ME/CFS associated with hypermobility, tonsillar ectopia, craniocervical narrowing and intracranial hypertension?


Myalgic Encephalopathy/Chronic Fatigue Syndrome (ME/CFS) may afflict 0,4-4 percent of the population. Symptoms include extreme fatigue, post-exertional malaise and a cascade of signs defined in the “Canada-criteria”. The symptoms and signs of ME/CFS are to a large degree similar to those of cervical myelopathy and increased intracranial pressure which in other studies has been shown to correlate with widening of the optic nerve sheet diameter (ONSD). As we had noted unexpected many patients in our ME/CFS-clinic with Chiari1 or EDS we decided to make a retrospective study.


To present data on the presence of hypermobility, tonsillar ectopia or other structural narrowing in the craniocervical area and the presence of widening of the optic nerve sheet diameter in a randomized cohort of patients with ME/CFS according to the Canada criteria.


Out of a population of 286 patients diagnosed with ME/CFS we randomly selected 50 patients and assessed for hypermobility according to the Beighton score (>4). We also assessed MRIscans of the brain and cervical spine without knowledge of results from foregoing questionnaires, physical examination or other tests. Independent investigators performed the assessments following a predetermined structured protocol to measure tonsillar ectopia, structural narrowing of craniocervical segments and ONSD > 5mm.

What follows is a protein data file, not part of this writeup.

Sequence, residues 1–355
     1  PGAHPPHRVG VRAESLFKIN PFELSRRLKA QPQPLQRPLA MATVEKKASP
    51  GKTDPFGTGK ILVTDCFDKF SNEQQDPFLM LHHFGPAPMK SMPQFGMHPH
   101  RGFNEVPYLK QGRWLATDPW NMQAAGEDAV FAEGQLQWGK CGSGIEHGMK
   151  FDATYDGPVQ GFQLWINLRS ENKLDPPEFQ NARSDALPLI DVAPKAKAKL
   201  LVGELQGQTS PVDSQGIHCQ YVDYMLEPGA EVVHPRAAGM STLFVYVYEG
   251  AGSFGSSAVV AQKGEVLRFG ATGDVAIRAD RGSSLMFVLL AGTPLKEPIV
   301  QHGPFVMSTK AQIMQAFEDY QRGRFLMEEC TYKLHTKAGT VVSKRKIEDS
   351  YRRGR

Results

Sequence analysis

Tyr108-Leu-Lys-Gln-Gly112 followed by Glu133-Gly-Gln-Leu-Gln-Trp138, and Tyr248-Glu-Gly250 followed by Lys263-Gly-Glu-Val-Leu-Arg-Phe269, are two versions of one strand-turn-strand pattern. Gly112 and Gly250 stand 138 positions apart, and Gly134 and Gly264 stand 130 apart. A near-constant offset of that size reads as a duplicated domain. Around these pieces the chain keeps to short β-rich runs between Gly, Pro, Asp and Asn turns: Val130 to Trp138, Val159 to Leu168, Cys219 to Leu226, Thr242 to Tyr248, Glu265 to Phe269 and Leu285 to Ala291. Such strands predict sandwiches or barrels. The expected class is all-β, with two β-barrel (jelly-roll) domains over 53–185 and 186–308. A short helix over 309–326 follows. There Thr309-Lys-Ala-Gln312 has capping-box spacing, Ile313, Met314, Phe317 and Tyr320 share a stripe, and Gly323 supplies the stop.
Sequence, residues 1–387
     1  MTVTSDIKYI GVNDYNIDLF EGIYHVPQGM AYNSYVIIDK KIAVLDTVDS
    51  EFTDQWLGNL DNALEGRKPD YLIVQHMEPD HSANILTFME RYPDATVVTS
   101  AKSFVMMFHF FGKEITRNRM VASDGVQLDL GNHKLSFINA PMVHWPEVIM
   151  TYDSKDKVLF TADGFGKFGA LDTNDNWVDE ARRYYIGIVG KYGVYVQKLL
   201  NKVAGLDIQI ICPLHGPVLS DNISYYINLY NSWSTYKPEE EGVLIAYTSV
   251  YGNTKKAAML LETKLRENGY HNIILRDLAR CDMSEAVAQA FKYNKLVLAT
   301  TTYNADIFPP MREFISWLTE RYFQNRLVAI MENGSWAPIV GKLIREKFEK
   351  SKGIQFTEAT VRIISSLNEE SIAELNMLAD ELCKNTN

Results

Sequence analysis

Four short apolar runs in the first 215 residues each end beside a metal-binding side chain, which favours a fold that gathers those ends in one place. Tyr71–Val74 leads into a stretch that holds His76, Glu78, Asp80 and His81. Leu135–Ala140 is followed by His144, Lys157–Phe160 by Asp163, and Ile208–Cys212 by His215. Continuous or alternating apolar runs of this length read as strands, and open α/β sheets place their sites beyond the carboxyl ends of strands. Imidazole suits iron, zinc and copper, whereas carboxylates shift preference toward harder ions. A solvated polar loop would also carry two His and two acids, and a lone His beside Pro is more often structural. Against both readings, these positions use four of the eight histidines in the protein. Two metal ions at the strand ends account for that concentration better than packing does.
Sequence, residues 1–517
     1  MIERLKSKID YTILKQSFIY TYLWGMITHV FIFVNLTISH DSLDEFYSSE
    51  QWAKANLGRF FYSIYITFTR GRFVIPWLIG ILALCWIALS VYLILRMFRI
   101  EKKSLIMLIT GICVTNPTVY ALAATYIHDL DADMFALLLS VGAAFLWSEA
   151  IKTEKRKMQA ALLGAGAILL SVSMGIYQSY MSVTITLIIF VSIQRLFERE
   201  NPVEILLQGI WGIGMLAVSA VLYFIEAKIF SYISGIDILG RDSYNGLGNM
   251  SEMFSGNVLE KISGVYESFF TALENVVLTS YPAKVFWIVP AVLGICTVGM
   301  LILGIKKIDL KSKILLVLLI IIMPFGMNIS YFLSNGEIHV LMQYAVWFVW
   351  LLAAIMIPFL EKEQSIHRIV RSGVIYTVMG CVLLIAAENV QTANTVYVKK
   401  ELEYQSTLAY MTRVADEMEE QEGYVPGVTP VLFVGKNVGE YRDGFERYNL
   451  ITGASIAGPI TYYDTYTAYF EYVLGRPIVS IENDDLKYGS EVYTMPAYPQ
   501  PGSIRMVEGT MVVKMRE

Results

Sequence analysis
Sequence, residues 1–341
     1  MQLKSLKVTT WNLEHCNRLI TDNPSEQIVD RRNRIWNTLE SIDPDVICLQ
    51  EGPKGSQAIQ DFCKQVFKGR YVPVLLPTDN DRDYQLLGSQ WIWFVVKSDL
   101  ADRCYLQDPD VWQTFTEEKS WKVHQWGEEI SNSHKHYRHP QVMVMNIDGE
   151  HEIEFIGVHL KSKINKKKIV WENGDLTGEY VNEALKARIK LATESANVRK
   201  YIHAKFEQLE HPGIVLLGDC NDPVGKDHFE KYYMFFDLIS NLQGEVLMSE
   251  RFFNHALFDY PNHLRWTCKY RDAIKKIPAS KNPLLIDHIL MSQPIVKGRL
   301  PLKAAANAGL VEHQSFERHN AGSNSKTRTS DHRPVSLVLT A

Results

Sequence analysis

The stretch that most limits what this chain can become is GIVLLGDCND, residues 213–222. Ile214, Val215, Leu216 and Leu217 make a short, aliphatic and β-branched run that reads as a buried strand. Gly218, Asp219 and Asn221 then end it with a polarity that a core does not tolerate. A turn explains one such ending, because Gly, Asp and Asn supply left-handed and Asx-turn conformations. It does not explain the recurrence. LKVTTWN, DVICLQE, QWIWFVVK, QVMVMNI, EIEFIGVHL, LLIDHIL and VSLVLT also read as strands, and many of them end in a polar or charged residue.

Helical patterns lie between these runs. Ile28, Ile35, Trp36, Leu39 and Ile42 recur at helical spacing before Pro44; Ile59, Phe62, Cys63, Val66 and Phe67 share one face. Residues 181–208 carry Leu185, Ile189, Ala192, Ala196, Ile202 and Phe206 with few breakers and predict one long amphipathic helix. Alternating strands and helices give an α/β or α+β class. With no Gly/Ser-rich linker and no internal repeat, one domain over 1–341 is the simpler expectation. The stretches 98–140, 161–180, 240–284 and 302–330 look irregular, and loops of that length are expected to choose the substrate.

The mean age of the population was 42 years and 76 % were females. Hypermobility was present in 35 % of the population. MRI of the brain and cervical spine had been performed on 42 patients of whom 26 % had bilateral tonsillar ectopia and 88 % had narrowing of the spinal canal in the craniocervical segments. Mean ONSD was 5,3 mm SD +- 0,6, and ONSD > 5mm was present in 71% of the patients having had MRI of the brain. Conclusions: Hypermobility, tonsillar ectopia, narrowing of the space in the craniocervical segments and widening of the optic nerve sheet are common in patients with ME/CFS. These findings may impact the flow of the cerebrospinal fluid and suggests that a large portion of patients with ME/CFS may have intracranial hypertension. Further studies on the complete population are planned including measuring of the cerebrospinal fluid pressure.